disclaimer: this is another GMO post.
2 things spawing this post:
-recently sharing a car with a gov't extension specialist talking about how difficult it is to convince conventional grain farmers to consider non-GMO soybeans, let alone organic.
-a new grain operation setting up and recieving some pressure from various sides to plant GMO's.
I've written about GMO's before and you all know where I stand, but I've never felt so strongly about them as I do after having read "The Organic Manifesto" by Maria Rodale. It is a straight forward book that I believe presents some very effective and truthful arguments as to the necessity of organics in todays world. Now, I really hate conspiracy theorists and hyperbole, so I hope that you can read this and not roll your eyes or shake your head and wonder as to my sanity. When Mark talks about GMO's he presents a very practical argument and looks and sounds the part of a typical farmer, organic or otherwise. He is the face that convinces conventional farmers to at least consider planting non-GMOs. Therefore, I get to vent the less quantifiable reasons on here instead of to those making the decisions on the ground, because if there's anything farmers hate, it's pie in the sky ideas with little evidence.
With that, here's a few reasons to re-consider the value of genetically modified organisms in our food system.
GMO proponents continually come back to the 'higher yields' argument, which we've seen here on the Island is simply not true. It all comes back to the soil, and if the soil isn't healthy it doesn't matter whether it's GMO or not, the yields will be down.
Another argument commonly issued is that GMO's require fewer pesticides, but studies have proven that pesticide use has actually increased since GMO's were introduced. It turns out that since farmers know that the plant cannot be harmed by the Round Up, they apply even more, in an attempt to truly eradicate all weeds. On another note, many weeds have begun to develop resistance to Round Up, so producers are having to use even stronger pesticides, more often.
Farmers really need more expenses, so it's convenient that GMO seeds are proprietary so that seeds cannot be saved from year to year. It also helps that the same companies who own the right to the seeds also own the chemicals needed to spray them. Dependency anyone?
Don't even start on exporting markets, because outside of China, there are few. The EU wants nothing to do with GMOs, so there's one good, pratical reason right there, not to grow it. Should we not also perhaps consider the reasons those countries don't want them?
Monsanto is an easy company to pick on, so I will, but keep in mind, it's only one of many. We all know they have profits that give them the ability to buy lobbying power like no one else (in 2008 they spent well over $8million on lobbying alone). They can afford to put a lot of resources into research funding for universities who study the benefits of GMO's. They can afford to fund lawyers who draft bills and laws that open the door to more questionale biotechnology in agriculture. Former high-level employees 'somehow' have found themselves in the corner offices of the Food and Drug Administration as well as the Environmental Protection Agency in the US, the agency responsible for researching the impact of things like GMO's on our food system. The reach of Monsanto is infinite and strong. Money talks and they have no shortage.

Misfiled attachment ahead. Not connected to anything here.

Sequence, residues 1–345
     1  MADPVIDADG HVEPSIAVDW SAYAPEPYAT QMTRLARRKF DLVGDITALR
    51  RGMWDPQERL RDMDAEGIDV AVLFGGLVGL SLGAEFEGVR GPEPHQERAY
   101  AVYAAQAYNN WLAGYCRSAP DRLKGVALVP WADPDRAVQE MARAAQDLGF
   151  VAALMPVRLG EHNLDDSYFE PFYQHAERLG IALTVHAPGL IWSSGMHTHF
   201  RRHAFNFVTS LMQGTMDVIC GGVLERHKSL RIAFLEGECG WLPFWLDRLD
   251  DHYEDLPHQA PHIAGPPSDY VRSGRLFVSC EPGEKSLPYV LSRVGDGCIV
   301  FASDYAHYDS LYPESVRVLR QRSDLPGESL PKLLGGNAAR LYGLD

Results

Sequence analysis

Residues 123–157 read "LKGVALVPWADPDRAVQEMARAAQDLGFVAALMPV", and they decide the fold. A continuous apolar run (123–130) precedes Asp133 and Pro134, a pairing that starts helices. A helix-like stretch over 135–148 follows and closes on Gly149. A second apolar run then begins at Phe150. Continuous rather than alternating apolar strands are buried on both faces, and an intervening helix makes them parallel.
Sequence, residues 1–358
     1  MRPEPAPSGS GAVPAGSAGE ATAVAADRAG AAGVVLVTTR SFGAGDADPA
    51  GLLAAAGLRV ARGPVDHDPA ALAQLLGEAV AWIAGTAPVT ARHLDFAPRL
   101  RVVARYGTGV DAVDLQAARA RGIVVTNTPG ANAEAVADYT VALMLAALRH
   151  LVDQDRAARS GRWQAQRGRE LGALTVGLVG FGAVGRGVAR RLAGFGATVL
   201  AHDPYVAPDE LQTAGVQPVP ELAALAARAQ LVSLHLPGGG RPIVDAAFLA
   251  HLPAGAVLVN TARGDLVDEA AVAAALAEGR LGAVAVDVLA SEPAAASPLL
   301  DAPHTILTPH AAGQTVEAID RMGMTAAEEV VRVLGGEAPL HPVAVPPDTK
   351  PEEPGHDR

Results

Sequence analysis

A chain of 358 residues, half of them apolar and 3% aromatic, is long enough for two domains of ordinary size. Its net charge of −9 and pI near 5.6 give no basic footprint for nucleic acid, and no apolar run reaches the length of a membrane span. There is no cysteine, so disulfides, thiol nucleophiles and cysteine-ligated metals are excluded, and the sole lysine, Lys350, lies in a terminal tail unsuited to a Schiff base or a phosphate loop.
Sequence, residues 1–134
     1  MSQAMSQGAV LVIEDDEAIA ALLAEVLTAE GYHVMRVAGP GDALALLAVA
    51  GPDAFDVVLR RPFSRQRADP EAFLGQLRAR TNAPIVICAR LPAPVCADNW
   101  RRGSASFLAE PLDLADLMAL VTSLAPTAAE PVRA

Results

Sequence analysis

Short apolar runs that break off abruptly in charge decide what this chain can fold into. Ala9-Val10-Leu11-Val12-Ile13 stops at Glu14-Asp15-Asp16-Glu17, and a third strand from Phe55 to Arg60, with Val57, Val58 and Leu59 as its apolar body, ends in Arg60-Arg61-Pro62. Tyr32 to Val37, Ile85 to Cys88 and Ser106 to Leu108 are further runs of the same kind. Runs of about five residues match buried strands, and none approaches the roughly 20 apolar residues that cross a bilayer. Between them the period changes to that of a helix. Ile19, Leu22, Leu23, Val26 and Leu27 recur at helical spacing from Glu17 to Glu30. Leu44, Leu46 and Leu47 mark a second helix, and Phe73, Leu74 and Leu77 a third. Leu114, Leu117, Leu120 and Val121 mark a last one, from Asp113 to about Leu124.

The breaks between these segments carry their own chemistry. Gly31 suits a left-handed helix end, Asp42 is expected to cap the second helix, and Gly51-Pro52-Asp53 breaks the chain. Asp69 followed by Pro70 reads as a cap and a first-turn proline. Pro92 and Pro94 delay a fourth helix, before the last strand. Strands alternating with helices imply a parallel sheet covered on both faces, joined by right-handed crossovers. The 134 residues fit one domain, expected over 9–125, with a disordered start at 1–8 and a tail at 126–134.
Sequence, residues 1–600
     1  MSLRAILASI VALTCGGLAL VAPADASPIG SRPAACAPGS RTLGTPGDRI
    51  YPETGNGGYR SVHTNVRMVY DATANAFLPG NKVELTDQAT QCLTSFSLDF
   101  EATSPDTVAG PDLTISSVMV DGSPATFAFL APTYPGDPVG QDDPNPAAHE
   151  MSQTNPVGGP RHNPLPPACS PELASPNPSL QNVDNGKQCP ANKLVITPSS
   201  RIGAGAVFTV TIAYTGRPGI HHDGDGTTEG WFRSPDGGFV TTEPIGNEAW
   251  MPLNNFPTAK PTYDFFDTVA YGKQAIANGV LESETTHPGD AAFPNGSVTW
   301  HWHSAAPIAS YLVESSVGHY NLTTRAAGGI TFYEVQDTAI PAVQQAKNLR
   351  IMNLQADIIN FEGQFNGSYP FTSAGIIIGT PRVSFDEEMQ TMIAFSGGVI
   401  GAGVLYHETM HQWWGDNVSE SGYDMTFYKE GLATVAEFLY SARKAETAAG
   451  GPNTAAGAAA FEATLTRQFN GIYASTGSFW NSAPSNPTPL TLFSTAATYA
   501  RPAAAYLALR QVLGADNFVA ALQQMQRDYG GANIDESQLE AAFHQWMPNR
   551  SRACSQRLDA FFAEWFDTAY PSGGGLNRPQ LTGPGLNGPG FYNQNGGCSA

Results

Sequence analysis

Because the science world is flush with pro-GMO studies (funded by the GMO companies) and short on funding for legitimate research into GMO's, studies are hard come by, but they do exist. It comes up again and again that GMO's are being linked to fertility problems, increased abortions and miscarriages. One study referencing dairy cows is one practical example, but studies of lab mice fed a diet heavy in GMO's found that by the third generation of mice, they were unable to conceive. Ok, ok this feels alarmist, but if we consider the fact that GMO's have been in our own food system for only 30 years and a generation is equivalent to 20-25 years, we are only entering the second generation in a GMO friendly world.
This is where most people will turn this blog off because it's getting too out there and conspiracy oriented. And this is why Mark is the face of reason to those for whom it will really matter, but if I don't share my concerns I would failing myself.
Finally, it doesn't matter whether you side with Monsanto or me on this one, but there is no denying that once GMOs have been introduced, they are not going away. You can farm without GMO's for eternity, but once you plant them, that pristine soil you've spent your life building up will always have them. You can't go back. The genes can spread by a variety of means and the effects of that are as of yet, unknown. Benign or not, the farmer is left to deal with the consequences.
Enough doom and gloom. It's another beautiful Sunday and I am excited by all the new beginnings that come with spring.